Wash-- How many loads of laundry do you do in a week? One a day, if I keep up with it. This one's a little funny, though. As anyone with kids knows, the best description of laundry is FlyLady's "Mount Washmore," and from Kathleen Norris ("The Cloister Walk") I cribbed the story of the lady who says she's going to have engraved on her tombstone, "At last her laundry's done." I'd do it, too, if I thought my Orthodox cemetery would let me get away with it. Anyway, the week after my daughter got married, I went down to the basement laundry room to tackle the wash -- and there was nothing. One little pile of underwear, from the hubster and me. Our son had decided to start washing his own laundry, and I looked around and thought, "My life is over." It's scary how much laundry can take over your life!

(My own personal "Washer B" question: Front load or top load? We have a front load, and I love it!)

X's-- Do you keep a daily list of things to do and cross them off? When life doesn't get away from me, which, come to think of it, is the whole purpose of keeping such a list. But it's invaluable to me, in terms of keeping track of things like appointments, phone calls, and errands -- It is called a Franklin Planner.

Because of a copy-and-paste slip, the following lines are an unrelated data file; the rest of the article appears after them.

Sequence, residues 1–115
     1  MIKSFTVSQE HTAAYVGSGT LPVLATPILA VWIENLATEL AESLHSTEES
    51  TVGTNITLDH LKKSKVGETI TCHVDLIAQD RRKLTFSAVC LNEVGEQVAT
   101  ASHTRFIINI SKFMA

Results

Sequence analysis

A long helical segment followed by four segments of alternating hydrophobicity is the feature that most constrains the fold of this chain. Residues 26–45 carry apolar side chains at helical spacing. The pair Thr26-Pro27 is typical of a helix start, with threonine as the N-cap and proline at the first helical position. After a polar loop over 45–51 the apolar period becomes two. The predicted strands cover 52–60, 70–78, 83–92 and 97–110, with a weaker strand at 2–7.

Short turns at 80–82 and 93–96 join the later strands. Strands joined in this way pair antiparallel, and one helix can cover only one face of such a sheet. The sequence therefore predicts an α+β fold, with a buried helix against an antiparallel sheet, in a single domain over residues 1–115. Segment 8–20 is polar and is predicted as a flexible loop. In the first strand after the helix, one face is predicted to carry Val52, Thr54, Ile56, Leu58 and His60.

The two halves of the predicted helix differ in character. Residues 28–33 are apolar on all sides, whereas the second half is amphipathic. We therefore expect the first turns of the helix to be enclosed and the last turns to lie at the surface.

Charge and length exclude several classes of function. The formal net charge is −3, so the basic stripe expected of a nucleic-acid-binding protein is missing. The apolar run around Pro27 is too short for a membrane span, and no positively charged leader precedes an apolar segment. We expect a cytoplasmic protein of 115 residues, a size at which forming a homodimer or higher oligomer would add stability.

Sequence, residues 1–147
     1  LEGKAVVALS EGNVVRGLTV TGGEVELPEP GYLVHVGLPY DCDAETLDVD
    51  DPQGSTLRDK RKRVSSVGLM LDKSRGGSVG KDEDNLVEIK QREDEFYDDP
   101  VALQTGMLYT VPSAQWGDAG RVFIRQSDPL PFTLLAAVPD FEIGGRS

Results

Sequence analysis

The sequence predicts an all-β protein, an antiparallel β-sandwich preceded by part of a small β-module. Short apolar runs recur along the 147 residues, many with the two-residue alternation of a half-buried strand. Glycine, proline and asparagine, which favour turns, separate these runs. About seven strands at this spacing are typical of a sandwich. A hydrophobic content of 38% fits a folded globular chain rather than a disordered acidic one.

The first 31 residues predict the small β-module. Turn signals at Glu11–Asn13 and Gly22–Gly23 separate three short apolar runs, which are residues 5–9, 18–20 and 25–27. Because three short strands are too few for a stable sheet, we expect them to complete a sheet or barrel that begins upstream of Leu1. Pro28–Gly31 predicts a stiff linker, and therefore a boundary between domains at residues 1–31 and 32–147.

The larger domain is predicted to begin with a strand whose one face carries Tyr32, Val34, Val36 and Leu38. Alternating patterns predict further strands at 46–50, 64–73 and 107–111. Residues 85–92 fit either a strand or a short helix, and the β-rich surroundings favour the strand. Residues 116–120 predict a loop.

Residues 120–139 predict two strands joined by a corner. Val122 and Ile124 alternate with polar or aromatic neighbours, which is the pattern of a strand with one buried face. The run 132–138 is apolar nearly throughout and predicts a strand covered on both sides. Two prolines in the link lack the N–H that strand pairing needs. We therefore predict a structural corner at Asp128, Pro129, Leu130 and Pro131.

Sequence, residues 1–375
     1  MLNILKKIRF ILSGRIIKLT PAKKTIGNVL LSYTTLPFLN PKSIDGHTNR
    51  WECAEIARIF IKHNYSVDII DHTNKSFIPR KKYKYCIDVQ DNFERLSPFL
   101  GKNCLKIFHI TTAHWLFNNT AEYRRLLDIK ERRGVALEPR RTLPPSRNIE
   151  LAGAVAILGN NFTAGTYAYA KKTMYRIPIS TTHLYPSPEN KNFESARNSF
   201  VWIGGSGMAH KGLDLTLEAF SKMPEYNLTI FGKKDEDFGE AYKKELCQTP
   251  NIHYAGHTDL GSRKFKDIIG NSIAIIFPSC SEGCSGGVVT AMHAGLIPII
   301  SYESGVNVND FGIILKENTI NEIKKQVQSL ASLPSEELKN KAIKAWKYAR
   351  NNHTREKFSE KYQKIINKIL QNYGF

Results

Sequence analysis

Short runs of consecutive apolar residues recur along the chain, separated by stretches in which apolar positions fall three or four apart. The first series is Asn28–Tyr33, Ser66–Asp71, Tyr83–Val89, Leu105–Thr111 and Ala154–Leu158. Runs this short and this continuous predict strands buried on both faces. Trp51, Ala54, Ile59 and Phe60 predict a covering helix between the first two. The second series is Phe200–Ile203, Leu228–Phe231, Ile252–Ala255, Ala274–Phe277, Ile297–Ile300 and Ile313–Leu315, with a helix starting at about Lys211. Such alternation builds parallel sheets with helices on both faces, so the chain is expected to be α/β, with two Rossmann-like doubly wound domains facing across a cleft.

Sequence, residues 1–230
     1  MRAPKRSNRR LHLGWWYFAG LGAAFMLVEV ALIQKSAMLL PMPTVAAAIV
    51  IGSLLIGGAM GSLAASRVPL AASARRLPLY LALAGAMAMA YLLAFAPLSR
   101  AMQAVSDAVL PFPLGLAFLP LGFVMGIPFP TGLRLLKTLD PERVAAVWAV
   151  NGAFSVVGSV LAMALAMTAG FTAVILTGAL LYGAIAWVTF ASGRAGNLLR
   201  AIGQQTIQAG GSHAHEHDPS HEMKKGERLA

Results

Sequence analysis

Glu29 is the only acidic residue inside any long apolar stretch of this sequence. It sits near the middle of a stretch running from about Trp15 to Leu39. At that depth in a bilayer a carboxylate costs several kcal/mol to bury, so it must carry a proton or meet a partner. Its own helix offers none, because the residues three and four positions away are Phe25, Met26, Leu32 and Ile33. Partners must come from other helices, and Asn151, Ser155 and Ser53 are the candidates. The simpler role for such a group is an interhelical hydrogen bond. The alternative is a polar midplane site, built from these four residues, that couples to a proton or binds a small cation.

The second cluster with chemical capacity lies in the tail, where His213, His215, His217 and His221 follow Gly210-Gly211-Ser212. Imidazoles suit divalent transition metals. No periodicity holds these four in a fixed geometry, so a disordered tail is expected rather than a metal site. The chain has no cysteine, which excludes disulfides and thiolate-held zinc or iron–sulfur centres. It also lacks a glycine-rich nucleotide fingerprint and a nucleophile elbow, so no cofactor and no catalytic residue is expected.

Yard-- Who does what? My husband. Mimi and I share a lot in common, including a black thumb. Every year I buy annuals at the gardening center, and if I get around to it, I plant them -- otherwise, he does that, too, as well as tend his vegetable garden. And in the fall, if he still has productive plants, he brings them indoors and keeps them alive on the bay windowsill. One year my daughter asked us if we were growing the Little Shop of Horrors. My husband's very good with plants.

Zzz's--What is your last homemaking task for the day before going to bed? Diehes. Once the dishes are washed, the day is done, though if my husband would let me, I'd make his lunch, too. Poor soul has to get up at 3:00 a.m. and leave the house at 4:15 to catch the bus to Boston, where he works, and I just don't see that after a day like that, a man should have to make his own lunch. But he does.